The People's Perspective on Medicine

You Don’t Have to Be a Farmer to Benefit from the Farm

A Dutch study shows that you don't have to be a farmer to have immune system benefits from exposure to animals and their microbes. People who live near farms have fewer allergies.

Epidemiologists have observed that children who grow up on farms are less susceptible to allergies than their urban counterparts. (Our previous report on this interesting phenomenon is below.) Now a Dutch study shows that you don’t have to be a farmer to benefit from living near livestock.

You Don’t Have to Be a Farmer to Live Near Livestock:

A study of over 2,400 Dutch people found that overall, nearly 30 percent had allergies measurable by IgE (Borlée et al, Occupational and Environmental Medicine, June 2018). Those who lived within about a thousand feet of a farm were less likely to have allergies. In other words, fewer of them had hay fever, asthma, eczema or other conditions associated with high IgE levels than those who lived further away This did not apply if the farm in proximity had chickens rather than cattle or pigs. People who had grown up on farms got the most protection from living near an active farm.

Old Friends?

One possible explanation for the protection from allergies might be the exposure to a range of microbes associated with the animals. These bacteria may help train the immune system to be less reactive to environmental allergens. Some scientists have termed these barnyard microbes “old friends” that have been teaching the human immune system how to behave for millennia.

Farm Kids Are Less Likely to Have Asthma:

A study in The New England Journal of Medicine suggests that children may benefit from early exposure to certain bacteria (New England Journal of Medicine, Feb. 24, 2011). The study compared German and Bavarian children growing up on farms to those with no exposure to farm animals. Children who lived on farms were less likely to have asthma or eczema.

Farm kids also showed evidence of more microbial exposure. The more types of microbes kids were exposed to, the less likely they were to have asthma. Early exposure to a broader range of germs seems to explain why such youngsters are less likely to develop breathing problems later in life.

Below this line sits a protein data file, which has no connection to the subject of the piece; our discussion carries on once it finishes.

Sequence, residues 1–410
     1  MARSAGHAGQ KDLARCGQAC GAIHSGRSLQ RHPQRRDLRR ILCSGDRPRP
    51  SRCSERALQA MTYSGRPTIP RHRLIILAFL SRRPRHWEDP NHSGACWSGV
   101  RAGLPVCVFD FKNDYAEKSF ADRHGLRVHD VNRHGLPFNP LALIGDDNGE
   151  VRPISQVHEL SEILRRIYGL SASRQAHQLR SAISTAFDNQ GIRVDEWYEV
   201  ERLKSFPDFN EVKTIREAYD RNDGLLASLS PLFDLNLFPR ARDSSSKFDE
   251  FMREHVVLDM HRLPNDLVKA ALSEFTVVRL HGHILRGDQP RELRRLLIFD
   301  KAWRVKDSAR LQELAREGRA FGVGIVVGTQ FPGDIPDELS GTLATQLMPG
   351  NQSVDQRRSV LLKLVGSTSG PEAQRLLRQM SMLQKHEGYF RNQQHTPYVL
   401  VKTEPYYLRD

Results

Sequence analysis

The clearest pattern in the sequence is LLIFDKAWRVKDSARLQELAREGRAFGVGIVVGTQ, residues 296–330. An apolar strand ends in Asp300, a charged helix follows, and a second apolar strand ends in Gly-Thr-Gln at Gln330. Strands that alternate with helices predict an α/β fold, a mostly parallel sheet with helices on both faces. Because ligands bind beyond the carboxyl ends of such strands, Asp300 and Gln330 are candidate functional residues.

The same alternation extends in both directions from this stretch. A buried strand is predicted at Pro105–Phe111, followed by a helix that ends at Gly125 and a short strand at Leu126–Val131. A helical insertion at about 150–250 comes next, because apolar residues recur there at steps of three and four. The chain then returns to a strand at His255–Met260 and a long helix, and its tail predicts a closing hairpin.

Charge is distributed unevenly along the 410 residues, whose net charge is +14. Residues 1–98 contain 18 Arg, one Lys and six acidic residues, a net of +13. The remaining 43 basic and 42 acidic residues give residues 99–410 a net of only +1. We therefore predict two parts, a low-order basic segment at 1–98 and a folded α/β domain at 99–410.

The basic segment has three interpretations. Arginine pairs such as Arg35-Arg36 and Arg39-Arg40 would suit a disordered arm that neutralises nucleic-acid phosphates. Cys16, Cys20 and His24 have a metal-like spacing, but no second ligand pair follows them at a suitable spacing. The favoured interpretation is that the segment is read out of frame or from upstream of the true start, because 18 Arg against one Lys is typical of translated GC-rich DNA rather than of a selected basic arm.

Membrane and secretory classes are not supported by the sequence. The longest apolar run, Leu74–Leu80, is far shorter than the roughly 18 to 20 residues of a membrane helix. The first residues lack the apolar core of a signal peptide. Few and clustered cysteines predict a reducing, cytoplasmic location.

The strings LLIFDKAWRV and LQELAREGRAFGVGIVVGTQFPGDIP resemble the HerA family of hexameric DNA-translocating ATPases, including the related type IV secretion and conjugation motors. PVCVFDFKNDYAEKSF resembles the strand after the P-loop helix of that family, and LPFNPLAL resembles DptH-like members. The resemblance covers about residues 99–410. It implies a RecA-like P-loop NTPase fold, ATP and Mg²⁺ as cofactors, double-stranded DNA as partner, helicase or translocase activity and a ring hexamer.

Learn More:

You may wish to listen to our interview with Dr. Daphne Miller, who discusses this topic among numerous others. It is Show 959: Farmacology–What Farmers Can Teach Us About Health.

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About the Author
Terry Graedon, PhD, is a medical anthropologist and co-host of The People’s Pharmacy radio show, co-author of The People’s Pharmacy syndicated newspaper columns and numerous books, and co-founder of The People’s Pharmacy website. Terry taught in the Duke University School of Nursing and was an adjunct assistant professor in the Department of Anthropology. She is a Fellow of the Society of Applied Anthropology. Terry is one of the country's leading authorities on the science behind folk remedies. .
Show 959: Farmacology, What Farmers Can Teach Us About Health
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During visits to farms, Dr. Daphne Miller discovered that family farms offer lessons for human health. What she learned could help you stay healthier.

Show 959: Farmacology, What Farmers Can Teach Us About Health
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Has anyone looked into the idea that during the industrial revolution the ones more likely to move from farm to city may have been those with “hay fever” thus taking their genetic predisposition to allergies with them?

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